(Note: Marck has already correctly observed, that “this must not be understood as flight from the being and knowledge of God, lest we should attribute to the great prophet gross ignorance of the omnipresence and omniscience of God; but as departure from the land of Canaan, the gracious seat of God, outside which he thought, that possibly, at any rate at that time, the gift and office of a prophet would not be conferred upon him.”)
The motive for this flight was not fear of the difficulty of carrying out the command of God, but, as Jonah himself says in Jonah 4:2, anxiety lest the compassion of God should spare the sinful city in the event of its repenting. He had no wish to co-operate in this; and that not merely because “he knew, by inspiration of the Holy Spirit, that the repentance of the Gentiles would be the ruin of the Jews, and, as a lover of his country, was actuated not so much by envy of the salvation of Nineveh, as by unwillingness that his own people should perish,” as Jerome supposes, but also because he really grudged salvation to the Gentiles, and feared lest their conversion to the living God should infringe upon the privileges of Israel above the Gentile world, and put an end to its election as the nation of God.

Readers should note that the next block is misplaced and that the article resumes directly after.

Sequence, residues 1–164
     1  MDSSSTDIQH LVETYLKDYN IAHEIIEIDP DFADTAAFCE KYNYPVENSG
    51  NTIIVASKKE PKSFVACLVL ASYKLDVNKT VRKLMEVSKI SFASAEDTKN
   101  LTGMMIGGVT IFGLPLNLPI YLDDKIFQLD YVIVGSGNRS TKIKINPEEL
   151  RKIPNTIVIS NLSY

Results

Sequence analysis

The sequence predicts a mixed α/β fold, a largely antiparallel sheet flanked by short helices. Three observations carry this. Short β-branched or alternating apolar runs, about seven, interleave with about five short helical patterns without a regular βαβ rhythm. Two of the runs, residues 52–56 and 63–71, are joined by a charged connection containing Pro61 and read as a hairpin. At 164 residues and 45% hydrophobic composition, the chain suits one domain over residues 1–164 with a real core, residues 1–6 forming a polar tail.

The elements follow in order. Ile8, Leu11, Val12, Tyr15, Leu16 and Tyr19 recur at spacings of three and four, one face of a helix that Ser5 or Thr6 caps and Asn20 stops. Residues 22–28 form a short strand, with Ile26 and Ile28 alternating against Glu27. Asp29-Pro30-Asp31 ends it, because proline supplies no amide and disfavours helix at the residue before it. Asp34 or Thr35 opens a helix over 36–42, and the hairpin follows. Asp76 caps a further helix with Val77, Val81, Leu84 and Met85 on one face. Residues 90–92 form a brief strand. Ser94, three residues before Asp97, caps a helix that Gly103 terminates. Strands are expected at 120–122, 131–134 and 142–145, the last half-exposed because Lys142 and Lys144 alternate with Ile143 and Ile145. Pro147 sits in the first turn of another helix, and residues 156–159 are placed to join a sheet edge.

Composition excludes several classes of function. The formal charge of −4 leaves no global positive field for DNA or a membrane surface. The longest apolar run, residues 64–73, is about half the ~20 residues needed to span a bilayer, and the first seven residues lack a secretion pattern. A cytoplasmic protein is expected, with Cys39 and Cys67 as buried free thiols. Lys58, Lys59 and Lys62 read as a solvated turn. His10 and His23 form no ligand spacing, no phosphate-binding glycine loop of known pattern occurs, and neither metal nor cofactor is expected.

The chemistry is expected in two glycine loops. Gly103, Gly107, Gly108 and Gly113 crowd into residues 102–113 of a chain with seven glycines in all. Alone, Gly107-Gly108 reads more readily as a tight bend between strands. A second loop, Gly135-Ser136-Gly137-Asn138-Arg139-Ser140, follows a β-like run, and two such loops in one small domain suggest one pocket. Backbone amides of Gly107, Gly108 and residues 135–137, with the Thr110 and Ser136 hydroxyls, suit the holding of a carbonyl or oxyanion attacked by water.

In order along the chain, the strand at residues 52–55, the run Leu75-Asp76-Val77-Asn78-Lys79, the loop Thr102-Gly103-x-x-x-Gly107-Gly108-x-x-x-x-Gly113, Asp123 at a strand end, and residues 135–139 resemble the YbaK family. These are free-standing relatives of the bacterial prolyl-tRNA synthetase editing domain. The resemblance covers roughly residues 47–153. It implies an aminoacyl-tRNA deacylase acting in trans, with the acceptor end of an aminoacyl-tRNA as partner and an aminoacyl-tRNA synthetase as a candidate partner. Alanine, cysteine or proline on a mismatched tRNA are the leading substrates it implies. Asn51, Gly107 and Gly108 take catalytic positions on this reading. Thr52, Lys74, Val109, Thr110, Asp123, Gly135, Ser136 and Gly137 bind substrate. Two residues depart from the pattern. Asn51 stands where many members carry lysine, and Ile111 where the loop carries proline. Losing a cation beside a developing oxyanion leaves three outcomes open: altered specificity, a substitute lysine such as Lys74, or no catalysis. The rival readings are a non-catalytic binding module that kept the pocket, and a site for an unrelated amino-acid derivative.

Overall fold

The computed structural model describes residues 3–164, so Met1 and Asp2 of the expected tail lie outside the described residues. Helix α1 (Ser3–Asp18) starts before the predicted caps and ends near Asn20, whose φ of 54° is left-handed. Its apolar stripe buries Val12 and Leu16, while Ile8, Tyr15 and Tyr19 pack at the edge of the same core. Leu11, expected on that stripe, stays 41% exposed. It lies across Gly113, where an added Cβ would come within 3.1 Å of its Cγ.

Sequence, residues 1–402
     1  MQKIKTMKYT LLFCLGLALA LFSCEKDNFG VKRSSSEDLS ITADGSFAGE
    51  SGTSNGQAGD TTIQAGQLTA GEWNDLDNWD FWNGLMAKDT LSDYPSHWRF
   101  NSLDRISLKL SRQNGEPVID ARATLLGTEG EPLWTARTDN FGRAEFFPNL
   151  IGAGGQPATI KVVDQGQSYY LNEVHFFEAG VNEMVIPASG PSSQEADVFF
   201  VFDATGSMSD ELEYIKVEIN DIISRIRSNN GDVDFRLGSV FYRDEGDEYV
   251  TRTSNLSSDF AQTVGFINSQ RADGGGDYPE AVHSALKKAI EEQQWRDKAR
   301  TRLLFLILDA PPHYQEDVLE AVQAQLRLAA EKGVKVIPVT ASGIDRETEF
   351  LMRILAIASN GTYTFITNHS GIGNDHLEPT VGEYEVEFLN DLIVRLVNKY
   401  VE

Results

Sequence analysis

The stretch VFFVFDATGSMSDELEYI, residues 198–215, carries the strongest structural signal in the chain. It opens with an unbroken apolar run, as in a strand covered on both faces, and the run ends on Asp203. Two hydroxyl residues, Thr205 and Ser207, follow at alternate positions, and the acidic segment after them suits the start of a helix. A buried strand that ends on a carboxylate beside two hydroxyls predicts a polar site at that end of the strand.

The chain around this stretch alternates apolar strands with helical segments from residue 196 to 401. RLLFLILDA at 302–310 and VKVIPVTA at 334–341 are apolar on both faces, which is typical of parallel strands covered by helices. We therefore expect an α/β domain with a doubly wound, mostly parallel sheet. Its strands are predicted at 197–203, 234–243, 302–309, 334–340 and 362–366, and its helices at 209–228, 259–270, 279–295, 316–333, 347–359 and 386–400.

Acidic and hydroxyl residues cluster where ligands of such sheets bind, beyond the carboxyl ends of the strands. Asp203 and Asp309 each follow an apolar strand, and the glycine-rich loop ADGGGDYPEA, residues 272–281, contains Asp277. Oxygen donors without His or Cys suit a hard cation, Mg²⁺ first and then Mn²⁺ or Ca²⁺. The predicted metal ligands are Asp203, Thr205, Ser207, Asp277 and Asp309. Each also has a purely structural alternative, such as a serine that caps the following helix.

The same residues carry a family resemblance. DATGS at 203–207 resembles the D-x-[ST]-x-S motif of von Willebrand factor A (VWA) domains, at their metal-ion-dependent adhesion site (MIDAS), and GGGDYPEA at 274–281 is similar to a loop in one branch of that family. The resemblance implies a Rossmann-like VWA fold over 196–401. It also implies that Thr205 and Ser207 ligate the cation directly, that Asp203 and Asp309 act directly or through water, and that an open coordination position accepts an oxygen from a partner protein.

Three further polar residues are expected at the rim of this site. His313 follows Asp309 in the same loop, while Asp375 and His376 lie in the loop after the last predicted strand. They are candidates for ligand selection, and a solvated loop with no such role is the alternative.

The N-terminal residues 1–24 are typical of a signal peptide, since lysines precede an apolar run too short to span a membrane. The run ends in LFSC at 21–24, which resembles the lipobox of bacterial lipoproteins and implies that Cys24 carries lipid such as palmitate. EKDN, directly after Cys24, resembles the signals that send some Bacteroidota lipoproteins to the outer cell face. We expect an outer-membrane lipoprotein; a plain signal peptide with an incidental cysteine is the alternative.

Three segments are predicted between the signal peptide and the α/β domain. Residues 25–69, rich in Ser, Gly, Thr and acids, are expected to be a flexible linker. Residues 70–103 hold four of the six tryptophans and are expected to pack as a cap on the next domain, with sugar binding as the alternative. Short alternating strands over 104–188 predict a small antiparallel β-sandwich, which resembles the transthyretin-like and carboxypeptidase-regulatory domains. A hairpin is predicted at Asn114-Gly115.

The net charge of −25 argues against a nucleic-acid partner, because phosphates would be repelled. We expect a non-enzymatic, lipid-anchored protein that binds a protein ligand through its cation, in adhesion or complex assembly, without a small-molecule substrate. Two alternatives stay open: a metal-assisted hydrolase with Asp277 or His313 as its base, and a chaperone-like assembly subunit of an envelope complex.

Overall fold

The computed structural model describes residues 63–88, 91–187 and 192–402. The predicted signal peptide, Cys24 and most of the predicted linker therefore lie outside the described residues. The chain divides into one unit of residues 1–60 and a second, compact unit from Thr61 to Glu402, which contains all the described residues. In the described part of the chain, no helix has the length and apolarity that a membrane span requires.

(Note: Luther has already deduced this, the only true reason, from Jonah 4:1-11, in his Commentary on the Prophet Jonah: “Because Jonah was sorry that God was so kind, he would rather not preach, yea, would rather die, than that the grace of God, which was to be the peculiar privilege of the people of Israel, should be communicated to the Gentiles also, who had neither the word of God, nor the laws of Moses, nor the worship of God, nor prophets, nor anything else, but rather strove against God, and His word, and His people.” But in order to guard against a false estimate of the prophet, on account of these “carnal, Jewish thoughts of God,” Luther directs attention to the fact that “the apostles also held at first the carnal opinion that the kingdom of Christ was to be an outward one; and even afterwards, when they understood that it was to be a spiritual one, they thought that it was to embrace only the Jews, and therefore 'preached the gospel to the Jews only' (Acts 8), until God enlightened them by a vision from heaven to Peter (Acts 10), and by the public calling of Paul and Barnabas (Acts 13), and by wonders and signs; and it was at last resolved by a general council (Acts 15), that God would also show mercy to the Gentiles, and that He was the God of the Gentiles also. For it was very hard for the Jews to believe that there were any other people outside Israel who helped to form the people of God, because the sayings of the Scripture stop there and speak of Israel and Abraham's seed; and the word of God, the worship of God, the laws and the holy prophets, were with them alone.”)